5.1 Creating a Submission File

The Submission File contains a detailed description of the SUT in text format that is used by the SPECjAppServer2001 reporter to produce a report suitable for publication.

To create a SPECjAppServer2001 Submission File:

5.2 Generating a Report

SPECjAppServer2001 includes a utility for generating a results page called the reporter. The report contains a summary of the key results and a complete system description in a format designed to be consistent with other SPEC reporting pages.

To run the reporter, use the following command:

     # java -classpath reporter.jar reporter [-a] <submission file>.txt

Where <submission file>.txt is the Submission File created in the previous step.

An HTML file named <filename>.report.html is created by default.

The "-a" option will create a text report page named <filename>.report.txt.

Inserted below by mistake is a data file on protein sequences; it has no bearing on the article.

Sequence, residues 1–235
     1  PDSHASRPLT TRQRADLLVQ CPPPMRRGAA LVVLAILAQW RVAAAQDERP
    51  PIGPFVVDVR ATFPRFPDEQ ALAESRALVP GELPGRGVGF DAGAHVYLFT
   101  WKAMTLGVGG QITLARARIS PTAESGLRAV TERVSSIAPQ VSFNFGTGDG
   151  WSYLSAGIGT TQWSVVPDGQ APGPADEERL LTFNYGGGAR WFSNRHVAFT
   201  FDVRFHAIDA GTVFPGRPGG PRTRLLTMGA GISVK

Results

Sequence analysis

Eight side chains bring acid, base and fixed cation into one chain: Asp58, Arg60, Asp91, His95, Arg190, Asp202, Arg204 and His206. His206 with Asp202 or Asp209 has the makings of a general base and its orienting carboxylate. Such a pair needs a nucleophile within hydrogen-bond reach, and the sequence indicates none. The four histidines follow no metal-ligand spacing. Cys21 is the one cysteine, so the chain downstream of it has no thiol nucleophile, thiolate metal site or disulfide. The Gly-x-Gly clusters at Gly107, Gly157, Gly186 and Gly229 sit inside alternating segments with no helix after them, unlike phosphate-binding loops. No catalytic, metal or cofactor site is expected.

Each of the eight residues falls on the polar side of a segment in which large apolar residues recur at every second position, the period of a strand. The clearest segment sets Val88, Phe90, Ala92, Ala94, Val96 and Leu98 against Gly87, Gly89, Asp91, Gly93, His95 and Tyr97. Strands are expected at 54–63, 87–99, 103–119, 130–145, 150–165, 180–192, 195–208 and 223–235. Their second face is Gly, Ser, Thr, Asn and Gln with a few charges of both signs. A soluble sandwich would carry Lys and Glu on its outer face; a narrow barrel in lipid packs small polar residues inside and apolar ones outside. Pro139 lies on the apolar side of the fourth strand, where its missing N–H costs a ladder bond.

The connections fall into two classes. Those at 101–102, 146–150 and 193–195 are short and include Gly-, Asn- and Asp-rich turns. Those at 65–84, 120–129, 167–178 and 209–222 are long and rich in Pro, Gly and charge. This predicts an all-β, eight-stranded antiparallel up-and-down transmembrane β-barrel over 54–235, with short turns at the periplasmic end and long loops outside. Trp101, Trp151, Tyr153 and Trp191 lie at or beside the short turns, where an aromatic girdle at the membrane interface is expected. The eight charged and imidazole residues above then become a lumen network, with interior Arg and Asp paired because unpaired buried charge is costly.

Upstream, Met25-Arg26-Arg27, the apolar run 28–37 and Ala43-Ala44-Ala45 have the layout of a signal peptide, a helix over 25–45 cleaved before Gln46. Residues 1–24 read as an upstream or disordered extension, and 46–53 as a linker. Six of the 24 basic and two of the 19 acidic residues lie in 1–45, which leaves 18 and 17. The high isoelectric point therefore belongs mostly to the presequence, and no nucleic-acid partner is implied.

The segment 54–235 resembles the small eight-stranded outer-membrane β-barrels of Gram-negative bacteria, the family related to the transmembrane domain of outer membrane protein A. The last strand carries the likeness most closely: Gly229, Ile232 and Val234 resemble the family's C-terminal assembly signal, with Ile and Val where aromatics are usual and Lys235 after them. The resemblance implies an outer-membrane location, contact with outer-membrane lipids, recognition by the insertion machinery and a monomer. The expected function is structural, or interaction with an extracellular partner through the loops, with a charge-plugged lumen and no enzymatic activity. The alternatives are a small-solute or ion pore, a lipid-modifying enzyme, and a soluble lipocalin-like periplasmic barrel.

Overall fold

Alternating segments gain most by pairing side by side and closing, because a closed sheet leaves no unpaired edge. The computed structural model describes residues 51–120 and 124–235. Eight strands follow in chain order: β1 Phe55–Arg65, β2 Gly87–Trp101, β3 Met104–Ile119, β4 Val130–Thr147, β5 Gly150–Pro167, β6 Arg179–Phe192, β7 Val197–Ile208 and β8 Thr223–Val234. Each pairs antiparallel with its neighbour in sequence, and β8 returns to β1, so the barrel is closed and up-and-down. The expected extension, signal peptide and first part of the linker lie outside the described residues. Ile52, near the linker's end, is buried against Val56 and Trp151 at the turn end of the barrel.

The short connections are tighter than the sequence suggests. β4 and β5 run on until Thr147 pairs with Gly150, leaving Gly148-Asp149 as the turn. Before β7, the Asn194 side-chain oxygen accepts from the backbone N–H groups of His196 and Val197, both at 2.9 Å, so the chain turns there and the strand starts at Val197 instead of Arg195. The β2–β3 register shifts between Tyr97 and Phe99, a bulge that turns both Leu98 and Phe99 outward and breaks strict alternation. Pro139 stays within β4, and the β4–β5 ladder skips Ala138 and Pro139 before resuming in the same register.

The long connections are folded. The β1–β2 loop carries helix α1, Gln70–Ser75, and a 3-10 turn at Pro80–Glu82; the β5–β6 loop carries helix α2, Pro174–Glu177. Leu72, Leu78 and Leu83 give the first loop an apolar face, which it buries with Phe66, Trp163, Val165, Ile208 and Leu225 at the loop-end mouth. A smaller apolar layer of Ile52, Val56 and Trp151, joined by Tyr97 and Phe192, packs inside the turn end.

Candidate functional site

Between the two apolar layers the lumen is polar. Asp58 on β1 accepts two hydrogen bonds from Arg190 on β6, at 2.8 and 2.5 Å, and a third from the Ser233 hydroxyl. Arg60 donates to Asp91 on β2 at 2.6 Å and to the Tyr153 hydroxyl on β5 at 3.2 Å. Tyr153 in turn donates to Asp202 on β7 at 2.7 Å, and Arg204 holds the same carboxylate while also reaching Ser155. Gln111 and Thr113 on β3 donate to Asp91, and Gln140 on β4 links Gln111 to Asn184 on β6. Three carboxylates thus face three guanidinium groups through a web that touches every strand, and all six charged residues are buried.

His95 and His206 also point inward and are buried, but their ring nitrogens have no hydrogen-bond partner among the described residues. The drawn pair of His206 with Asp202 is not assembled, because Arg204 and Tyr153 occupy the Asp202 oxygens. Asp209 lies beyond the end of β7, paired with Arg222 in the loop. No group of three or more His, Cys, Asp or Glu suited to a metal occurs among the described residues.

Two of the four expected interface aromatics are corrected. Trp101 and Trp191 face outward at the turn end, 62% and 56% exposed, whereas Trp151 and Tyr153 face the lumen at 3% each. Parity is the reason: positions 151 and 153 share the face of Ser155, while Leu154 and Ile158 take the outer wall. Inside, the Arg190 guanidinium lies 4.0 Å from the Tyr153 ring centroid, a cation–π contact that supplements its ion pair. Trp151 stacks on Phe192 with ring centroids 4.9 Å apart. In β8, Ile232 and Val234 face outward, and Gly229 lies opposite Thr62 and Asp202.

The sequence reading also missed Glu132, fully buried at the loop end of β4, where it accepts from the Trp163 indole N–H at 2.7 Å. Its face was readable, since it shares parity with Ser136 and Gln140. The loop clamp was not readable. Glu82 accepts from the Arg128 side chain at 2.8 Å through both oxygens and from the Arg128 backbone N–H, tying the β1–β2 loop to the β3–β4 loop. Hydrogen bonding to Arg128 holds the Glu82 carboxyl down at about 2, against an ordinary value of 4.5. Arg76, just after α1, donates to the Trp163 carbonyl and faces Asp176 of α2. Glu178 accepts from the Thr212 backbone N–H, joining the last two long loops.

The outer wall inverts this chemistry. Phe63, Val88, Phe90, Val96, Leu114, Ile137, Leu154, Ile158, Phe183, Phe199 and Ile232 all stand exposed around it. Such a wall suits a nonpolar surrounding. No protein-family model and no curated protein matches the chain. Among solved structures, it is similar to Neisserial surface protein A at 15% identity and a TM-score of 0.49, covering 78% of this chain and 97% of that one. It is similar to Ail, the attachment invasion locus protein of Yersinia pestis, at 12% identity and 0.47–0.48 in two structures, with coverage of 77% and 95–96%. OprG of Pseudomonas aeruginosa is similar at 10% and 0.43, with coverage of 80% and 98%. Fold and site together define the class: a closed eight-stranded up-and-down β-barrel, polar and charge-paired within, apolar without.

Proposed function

5.3 Submitting the Results

Once you have a successful run, you can submit the results to the SPEC OSG Java subcommittee for review. To submit a result to SPEC:

  1. Create a configuration diagram (in PNG, JPEG or GIF format) for your SUT (see SPECjAppServer Run and Reporting Rules section 5.2 for a description of the Configuration Diagram).
  2. Create an Full Disclosure Archive (in ZIP, TAR, or JAR format) with the results of your run (see SPECjAppServer2001 Run and Reporting Rules section 5.3 for a list of the items in the Archive).
  3. Create a Submission File as described in section 5.1 above. The Submission File should contain the file name for the Configuration Diagram and the Archive.
  4. Put just these three files in a JAR file.
  5. Mail this JAR file as an attachment to subjappserver2001@spec.org.

Every submission goes through a minimum two-week review process, starting on a scheduled SPEC OSG Java sub-committee conference call. During the review, members of the committee may ask for additional information or clarification of the submission. Once the result has been reviewed and approved by the committee, it is displayed on the SPEC web site at http://www.spec.org/.

Copyright (c) 2002 Standard Performance Evaluation Corporation